It’s an inevitability that you encounter poet Phillip Larkin’s piece “This Be the Verse” at some point within your poetry career. Sometimes it’s an embittered eleventh English teacher who shows it to you partly because its use of the word “fuck” will catch your class’ attention long enough that they stop texting under the desks, partly because they have their own shit going on. It’s a short enough poem that it makes the rounds on platforms like Facebook, lends itself to Pinterest typography, can be photographed from poetry collections using Snapchat filters and sepia for Tumblr. “They fuck you up, your mum and dad. /They may not mean to, but they do.” Well-constructed as the rest of the poem might be, there’s little need to read the rest of it. Those two lines bleed universality. It doesn’t matter how idyllic your childhood was; no parent/guardian is perfect, and they dropped the ball at some point. If they were even holding one to begin with.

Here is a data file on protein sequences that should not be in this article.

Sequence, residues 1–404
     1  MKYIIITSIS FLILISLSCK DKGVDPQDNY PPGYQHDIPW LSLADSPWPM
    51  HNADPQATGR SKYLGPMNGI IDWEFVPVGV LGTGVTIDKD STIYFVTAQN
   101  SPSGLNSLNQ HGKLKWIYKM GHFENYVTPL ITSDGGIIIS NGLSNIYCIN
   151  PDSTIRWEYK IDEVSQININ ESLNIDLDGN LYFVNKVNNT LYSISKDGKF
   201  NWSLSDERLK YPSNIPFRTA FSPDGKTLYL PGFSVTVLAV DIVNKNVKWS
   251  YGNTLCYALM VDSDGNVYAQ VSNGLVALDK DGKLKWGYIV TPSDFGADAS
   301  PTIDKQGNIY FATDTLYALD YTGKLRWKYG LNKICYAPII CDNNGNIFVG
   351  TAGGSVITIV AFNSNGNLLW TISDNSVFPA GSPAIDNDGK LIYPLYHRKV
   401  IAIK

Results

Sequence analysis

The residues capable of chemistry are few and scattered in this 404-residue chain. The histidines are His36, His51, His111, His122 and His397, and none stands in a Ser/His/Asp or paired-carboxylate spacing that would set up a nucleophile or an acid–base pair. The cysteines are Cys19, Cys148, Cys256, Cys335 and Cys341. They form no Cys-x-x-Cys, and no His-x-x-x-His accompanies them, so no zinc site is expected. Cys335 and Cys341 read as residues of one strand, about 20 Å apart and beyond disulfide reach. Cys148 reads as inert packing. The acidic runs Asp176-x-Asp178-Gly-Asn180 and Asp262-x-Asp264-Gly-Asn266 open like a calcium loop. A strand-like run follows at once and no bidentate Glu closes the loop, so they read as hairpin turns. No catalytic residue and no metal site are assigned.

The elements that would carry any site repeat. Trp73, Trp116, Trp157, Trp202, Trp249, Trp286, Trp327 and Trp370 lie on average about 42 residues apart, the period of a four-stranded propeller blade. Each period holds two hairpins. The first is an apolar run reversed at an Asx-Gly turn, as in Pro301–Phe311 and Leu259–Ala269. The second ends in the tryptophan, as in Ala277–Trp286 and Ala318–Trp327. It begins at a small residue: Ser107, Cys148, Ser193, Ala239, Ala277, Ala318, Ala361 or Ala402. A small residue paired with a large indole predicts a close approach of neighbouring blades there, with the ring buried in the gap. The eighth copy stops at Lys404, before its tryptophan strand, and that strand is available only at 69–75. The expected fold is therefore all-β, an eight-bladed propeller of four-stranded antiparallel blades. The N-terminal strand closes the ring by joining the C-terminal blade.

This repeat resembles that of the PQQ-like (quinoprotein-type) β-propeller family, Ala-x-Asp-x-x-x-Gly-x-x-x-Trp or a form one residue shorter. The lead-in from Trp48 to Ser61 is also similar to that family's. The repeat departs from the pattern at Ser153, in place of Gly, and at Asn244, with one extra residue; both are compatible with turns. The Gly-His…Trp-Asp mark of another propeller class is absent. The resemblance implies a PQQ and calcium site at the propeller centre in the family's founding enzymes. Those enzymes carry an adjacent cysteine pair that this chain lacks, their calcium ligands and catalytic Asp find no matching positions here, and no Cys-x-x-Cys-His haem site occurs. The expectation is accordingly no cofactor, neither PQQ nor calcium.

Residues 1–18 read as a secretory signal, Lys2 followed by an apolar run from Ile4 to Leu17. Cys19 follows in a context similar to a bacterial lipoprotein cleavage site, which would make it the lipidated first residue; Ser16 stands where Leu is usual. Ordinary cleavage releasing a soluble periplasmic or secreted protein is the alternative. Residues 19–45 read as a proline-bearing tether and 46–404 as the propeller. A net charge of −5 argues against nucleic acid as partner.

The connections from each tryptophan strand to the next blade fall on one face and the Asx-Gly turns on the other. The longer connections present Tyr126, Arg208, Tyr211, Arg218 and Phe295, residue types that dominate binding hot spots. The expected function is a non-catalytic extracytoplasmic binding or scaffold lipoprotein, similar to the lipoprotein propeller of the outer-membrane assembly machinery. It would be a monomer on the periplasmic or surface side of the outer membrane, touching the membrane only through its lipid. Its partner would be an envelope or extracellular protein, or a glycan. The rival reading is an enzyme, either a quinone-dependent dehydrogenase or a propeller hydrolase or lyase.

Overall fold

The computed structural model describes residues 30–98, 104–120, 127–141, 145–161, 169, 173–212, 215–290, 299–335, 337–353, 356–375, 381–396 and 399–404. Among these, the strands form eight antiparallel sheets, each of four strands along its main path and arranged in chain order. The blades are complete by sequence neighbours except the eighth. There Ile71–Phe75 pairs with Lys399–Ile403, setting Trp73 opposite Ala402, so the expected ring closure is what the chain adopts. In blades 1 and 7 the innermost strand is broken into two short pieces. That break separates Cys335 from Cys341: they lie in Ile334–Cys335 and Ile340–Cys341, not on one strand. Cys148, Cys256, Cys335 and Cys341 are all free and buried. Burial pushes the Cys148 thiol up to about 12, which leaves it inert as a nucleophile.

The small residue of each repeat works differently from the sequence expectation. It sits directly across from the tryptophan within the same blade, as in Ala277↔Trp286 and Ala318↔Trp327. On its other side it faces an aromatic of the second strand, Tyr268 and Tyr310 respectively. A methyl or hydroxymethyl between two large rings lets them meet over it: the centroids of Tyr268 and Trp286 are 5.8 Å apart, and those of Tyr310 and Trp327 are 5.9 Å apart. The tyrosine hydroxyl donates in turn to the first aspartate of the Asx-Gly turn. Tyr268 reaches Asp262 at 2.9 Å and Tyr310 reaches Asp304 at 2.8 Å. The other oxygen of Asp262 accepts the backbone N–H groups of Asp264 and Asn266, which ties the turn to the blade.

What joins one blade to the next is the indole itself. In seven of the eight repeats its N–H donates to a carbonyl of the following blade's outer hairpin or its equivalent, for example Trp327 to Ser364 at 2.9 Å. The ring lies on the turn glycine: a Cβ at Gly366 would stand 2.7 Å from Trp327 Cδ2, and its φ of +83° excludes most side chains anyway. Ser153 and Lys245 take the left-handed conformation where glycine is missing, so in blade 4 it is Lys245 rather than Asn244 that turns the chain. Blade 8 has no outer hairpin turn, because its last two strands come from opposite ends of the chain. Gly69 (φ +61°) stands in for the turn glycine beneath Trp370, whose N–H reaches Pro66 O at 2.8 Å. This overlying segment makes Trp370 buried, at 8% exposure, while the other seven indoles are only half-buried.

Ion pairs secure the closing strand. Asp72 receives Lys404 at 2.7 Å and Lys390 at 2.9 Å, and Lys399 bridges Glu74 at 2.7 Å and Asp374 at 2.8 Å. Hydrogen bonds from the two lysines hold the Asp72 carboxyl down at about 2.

How, then, do you integrate universality into poetry? If a poem is interpreted to be a snapshot stuck somewhere between the author and the outside world – depending on where you believe the source is – how do you write a line that can be so applicable to most of the population without being so vague as to devalue the poem as a whole? There are very few universal experiences to begin with – being raised by something or some entity, no matter how removed or of what quality, is one of them – and what does that leave us with?